Pornography consists in removing real or simulated sexual acts from the intimacy of the partners, in order to display them deliberately to third parties. It offends against chastity because it perverts the conjugal act.... It immerses all who are involved in the illusion of a fantasy world. It is a grave offense (CCC, 2354).
Labeling sexually explicit novels as "pornographic" may seem harsh, but only because of the moral insensitivity which society has acquired in recent decades.
The method of the irresponsible artist cannot be hidden behind euphemisms or aesthetic window dressing. "Both the gross hard-core pornography trafficked in films, magazines, and pervasively on the Internet and the soft-core pornography that pervades the media, especially advertising, cheapen and distort human beauty and sexuality" (Rev. John Joseph Myers, A Theological Reflection on the Human Body, 2002).
This is by no means a denigration of those "mature themes" which are often an inseparable part of good creative writing. Catholic novelists are not restricted to the sort of unsophisticated fiction penned decades ago by Canon Sheehan or Msgr. Owen Francis Dudley. Indeed, authors like Evelyn Waugh or Flannery O'Connor were able to push the envelope as far as they could without breaking it. But the point at which we transition from factual discussions of adultery to details of lascivious activities, we are in the realm of voyeurism. Indeed, the recent obsession with and philosophical justification of shameless curiosity reveals a dysfunction that is far worse than the old time burlesque or risqué comedy.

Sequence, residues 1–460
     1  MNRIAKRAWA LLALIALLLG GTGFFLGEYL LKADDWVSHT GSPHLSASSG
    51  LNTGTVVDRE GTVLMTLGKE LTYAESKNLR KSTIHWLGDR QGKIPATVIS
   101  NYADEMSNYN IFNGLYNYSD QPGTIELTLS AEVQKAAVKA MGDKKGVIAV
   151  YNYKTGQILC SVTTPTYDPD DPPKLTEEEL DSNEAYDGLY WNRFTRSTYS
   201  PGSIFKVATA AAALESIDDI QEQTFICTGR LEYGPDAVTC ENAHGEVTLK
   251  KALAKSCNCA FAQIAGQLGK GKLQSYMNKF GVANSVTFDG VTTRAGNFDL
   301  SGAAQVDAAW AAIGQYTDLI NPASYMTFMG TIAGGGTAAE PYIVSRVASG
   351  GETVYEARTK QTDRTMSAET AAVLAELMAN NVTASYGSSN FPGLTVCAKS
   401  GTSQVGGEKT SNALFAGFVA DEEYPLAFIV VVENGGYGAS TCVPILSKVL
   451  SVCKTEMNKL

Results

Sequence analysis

Flannery O'Connor and Moral Limits
The problem most people have today with morality in the arts is one of definition. But for Flannery O'Connor, the measure was intuitive: "Obscenity is obscenity." Sadly, since her time, there has been tremendous equivocation on this point. Rather than let the Church set the moral criterion, many practicing Catholics have followed the world's standard which is, quite simply, to have no standard at all. Hence the precipitous decline into bestial levels of vice.
As Flannery O'Connor explains, the Catholic artist can only address mature themes when his (or her) approach is both religiously and morally mature. "Do not make the absurd attempt," she says, "to sever in yourself the artist and the Christian. They are one, if you really are a Christian." It is this very fixity on metaphysical grounds that allows one greater freedom aesthetically without being hampered by false, worldly standards.